The other night Julian (15 months) woke up at 5am. He thrashed around a little until he was fully awake and needing attention. I tried to nurse him, I tried sitting up and rocking him, I tried rubbing his little belly in case he had gas: nothing settled him down and after about 30 minutes he was crying.
I carried him out to the living room where he sat on my lap quietly for a while. Then he seemed to want to lay down so we went back to the bedroom. But he wouldn't lay down. We repeated this little routine for the next hour. Bedroom, living room. Bedroom, living room. Then we sat on the edge of the bed for a while and finally, close to 7am, he fell asleep in my arms. Carefully, I laid him down and crept into bed beside him, desperate to fall asleep again.
And I did! I fell asleep instantly. (I have a lot of experience with interruptions to my sleep.) When Julian and I simultaneously opened our eyes, it was 9:20am. We had had a full night's sleep in spite of the 2 hour interruption.
But imagine if I had gone back to work this September when my maternity ended. I would have had to get out of bed at 7am, just as Julian was going back to sleep. I would have had to get my 3 daughters up and fed, then wake up Julian and get all the children out the door by 8am. I'd have to drop off the two older children at a daycare for before and after school care, and then make a second stop for the younger children for full-day care.
I'd arrive at work already exhausted. Since my career was as an elementary school teacher, I'd spend the day in a facility designed to turn every sniffle and cough into an epidemic. Then I'd get to bring those germs home to my tired baby. I'd be likely to get sick. At least one of my children would get sick. I'd have to work while I was sick since I'd need to save my paid sick days for when my children would be sick. Chances are, I'd be in a state of semi-sickness all the time.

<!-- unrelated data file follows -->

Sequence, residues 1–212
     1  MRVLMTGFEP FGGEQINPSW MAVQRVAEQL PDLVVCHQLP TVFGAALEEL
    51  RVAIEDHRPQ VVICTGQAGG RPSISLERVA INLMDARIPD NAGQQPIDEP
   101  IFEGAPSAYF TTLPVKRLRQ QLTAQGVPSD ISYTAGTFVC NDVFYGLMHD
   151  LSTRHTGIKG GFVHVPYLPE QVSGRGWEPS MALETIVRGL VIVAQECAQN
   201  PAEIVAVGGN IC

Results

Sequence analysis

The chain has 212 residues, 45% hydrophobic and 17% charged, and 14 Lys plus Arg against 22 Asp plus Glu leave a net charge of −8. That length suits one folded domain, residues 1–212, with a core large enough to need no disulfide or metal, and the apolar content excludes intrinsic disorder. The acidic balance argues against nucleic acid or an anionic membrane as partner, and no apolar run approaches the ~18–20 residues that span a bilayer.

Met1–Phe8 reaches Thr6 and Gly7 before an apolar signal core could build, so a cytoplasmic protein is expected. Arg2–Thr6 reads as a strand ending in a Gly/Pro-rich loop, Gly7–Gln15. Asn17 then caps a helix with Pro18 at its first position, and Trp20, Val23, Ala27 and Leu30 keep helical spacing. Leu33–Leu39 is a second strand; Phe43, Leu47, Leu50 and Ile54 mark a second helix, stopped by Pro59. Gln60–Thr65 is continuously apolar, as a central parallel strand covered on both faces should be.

And that's not to mention the stress! Feeling crazy-tired, I can't even imagine how hard it would be to save my best self for my children at the end of the work day. And Partner-Guy gets stressed at his job, too. Would I have anything left of myself to listen to him and offer support?
There's lots and lots of research available to support how important it is to small children to be home with their mothers. And there's lots of research to tell you that it is fine to balance family and career and that your children will not suffer.
But I'm not even talking about the children here. I'm talking about me. If I had to go to work everyday, I'd lose my mind. I did go back to work at a school for 4 months when I was pregnant with my 3rd daughter. Partner-Guy stayed home with the oldest girls, but it was still really, really hard. I had tremendous guilt for a long time when I was on maternity leave and I had to work very hard to heal the chasms I had created in my relationships with my daughters.
And I know how lucky I am. It is only because we are coming from a place of privilege that I can even BE a stay-at-home-mom. I know how fortunate we are to be able to live comfortably on one income. Not all women have the luxury of choice when it comes to working or staying home with their children.
Some women can find the family/work balance. Both my sister and Partner-Guy's sister are mothers who have full-time professional careers. My brother's wife is able to work from home with her son by her side. Several of my friends were able to work part-time or in temporary positions in between their babies' births. And I know other moms who work at full-time careers and who are clearly miserable and stressed all the time.
I don't have any answers about finding the balance between being a mother and having a career. But I know that I place less value on my career than on my health and sanity. I'm not capable of being the kind of mom that I aspire to be AND working full-time at my career. I only want to find my Freedom and Joy.
For me, waking up at 9:20am beside my joyful son is as good as it gets.
Tomorrow: Why Picking the Right Guy Matters